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Former Maharishi School tennis star turns pro
by Jim Karpen
The M.U.M. Review Translate This Article
18 November 2005
On 2 November 2005 The M.U.M. Review reported:
Tyler Cleveland, who won three state tennis championships as a Maharishi School student and then starred on the University of Iowa tennis team, began playing tennis on the pro circuit in May.
He has quickly risen in the world rankings, and last month was named Circuit Player of the Week by the U.S. Tennis Association.
Mr. Cleveland had briefly tried the highly competitive pro circuit in his senior year at the University of Iowa over four years ago, but found how challenging it is, and upon graduation was eager to start a career as a stock trader.
He continued to play tennis and in May of this year decided to give the pro circuit another try at the age of 26—considered to be a somewhat advanced age to attempt the pro circuit. Many of the world's top players begin their professional career as teenagers.
He moved to California and competed in two tournaments offering cash prizes, and won both. And he began training at the USTA National Tennis Center.
He then began entering Futures tournaments, the bottom of three levels of professional tennis, the others being Challenger tournaments and the top-level ATP tournaments.
As an unranked player, he had to qualify for each tournament, which entails winning several elimination matches just to be eligible to compete in the tournament.
He qualified for six of the first seven tournaments he entered. His best results were a quarterfinal appearance in a tournament in Peoria, Illinois, in July, and then a strong showing in September, making it to the finals in a tournament in Claremont, California, and winning both the singles and doubles championships in a tournament in Irvine, California.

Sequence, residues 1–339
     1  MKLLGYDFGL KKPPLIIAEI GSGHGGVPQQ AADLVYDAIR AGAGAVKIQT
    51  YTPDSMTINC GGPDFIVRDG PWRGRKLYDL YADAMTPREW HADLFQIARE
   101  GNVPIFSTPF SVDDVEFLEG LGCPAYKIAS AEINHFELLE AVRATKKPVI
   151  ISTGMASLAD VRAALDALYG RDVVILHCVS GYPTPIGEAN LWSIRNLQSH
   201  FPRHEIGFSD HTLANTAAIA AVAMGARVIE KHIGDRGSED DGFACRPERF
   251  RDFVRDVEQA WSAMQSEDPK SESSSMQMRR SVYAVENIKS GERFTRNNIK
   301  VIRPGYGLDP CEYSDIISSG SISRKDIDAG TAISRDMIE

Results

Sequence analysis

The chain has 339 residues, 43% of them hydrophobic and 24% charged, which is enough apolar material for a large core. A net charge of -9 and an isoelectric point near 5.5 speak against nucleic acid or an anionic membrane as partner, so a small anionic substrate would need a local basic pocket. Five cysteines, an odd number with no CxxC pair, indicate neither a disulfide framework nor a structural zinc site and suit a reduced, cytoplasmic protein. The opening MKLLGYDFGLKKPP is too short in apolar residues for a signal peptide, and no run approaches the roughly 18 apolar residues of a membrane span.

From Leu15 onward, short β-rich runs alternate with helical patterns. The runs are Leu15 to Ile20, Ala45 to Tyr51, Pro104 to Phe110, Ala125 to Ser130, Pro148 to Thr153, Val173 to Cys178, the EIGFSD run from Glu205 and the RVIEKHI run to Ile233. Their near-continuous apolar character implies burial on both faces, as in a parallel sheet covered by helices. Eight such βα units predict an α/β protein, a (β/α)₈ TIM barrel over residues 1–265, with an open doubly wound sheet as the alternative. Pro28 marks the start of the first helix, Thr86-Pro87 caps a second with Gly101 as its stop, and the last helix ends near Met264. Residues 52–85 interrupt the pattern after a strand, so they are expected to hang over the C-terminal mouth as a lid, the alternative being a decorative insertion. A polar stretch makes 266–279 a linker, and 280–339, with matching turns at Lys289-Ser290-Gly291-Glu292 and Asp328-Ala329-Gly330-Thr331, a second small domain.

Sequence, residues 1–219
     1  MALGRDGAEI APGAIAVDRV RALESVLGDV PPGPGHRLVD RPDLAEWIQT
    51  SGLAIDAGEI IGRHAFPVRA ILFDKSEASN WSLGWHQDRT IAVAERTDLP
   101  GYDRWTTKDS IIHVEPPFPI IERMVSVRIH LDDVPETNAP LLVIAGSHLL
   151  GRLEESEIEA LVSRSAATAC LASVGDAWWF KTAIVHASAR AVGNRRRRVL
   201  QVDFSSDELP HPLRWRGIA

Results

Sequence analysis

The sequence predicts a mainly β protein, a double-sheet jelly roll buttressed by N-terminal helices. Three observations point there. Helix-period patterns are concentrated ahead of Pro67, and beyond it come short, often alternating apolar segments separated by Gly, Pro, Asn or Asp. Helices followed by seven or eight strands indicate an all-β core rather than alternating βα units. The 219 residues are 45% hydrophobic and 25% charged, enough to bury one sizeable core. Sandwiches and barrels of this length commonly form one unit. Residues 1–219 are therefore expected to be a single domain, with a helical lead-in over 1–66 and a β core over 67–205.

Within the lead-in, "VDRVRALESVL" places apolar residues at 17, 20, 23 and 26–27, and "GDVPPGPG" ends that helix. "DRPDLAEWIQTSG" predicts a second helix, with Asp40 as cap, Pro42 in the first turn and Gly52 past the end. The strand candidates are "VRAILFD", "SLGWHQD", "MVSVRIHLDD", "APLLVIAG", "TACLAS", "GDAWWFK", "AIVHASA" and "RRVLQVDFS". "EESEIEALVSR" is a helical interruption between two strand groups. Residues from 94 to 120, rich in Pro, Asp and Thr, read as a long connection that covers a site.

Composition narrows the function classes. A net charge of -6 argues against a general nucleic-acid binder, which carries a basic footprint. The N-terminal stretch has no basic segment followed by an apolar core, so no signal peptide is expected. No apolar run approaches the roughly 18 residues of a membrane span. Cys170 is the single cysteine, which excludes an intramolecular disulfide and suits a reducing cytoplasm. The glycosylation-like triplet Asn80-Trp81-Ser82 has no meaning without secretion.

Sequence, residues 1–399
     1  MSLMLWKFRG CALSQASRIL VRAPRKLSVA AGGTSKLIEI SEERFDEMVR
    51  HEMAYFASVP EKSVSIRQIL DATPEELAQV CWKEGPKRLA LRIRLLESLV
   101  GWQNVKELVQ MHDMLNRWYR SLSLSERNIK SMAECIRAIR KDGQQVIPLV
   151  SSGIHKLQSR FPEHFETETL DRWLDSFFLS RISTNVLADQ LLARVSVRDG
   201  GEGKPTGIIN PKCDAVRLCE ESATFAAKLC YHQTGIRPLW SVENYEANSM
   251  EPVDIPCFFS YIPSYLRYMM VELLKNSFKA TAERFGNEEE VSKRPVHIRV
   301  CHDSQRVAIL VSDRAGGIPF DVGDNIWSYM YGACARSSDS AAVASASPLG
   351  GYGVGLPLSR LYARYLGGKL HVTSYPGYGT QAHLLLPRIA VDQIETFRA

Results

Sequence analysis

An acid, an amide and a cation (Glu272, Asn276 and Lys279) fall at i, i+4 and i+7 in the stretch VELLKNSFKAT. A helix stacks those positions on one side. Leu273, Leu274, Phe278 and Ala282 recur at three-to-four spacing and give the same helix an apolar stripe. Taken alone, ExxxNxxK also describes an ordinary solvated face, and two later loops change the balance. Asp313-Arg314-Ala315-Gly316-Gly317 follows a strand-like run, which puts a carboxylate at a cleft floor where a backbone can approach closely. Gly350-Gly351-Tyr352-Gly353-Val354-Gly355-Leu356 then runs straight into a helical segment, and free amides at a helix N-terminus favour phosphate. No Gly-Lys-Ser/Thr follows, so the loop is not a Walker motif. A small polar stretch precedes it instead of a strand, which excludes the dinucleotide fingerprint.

The top 1,500 players in the world receive rankings, and after Mr. Cleveland's successful run, he was ranked 691.
The ranking has allowed him to get into the main draw of two subsequent tournaments without having to first play qualifying matches.
A player's ranking is updated weekly and based on the number of points accumulated over a one-year period, so Mr. Cleveland will likely continue to rise.
His immediate goal is to move up to the next level and compete in two Challenger tournaments this fall. And then within the next two years, he hopes to qualify for a Grand Slam tournament, which is a top-level ATP tournament.
Copyright©2005 Maharishi University of Management
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